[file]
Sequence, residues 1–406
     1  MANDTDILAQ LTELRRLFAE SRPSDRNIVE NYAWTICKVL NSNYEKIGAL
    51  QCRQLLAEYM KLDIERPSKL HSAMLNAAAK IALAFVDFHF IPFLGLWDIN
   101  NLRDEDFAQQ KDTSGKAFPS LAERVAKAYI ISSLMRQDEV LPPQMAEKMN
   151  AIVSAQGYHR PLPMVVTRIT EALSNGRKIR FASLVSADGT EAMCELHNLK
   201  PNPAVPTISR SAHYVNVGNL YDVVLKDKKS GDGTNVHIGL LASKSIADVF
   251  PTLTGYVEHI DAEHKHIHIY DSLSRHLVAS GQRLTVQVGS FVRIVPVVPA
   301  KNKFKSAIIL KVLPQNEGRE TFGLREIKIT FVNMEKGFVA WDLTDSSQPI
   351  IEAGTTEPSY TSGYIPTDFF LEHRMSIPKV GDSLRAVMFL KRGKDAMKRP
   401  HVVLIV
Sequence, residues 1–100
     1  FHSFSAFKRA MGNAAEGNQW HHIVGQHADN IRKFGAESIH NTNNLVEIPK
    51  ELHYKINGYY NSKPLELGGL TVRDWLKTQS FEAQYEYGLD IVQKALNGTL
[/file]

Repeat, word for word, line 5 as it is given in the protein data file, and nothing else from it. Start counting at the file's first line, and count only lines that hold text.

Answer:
   151  AIVSAQGYHR PLPMVVTRIT EALSNGRKIR FASLVSADGT EAMCELHNLK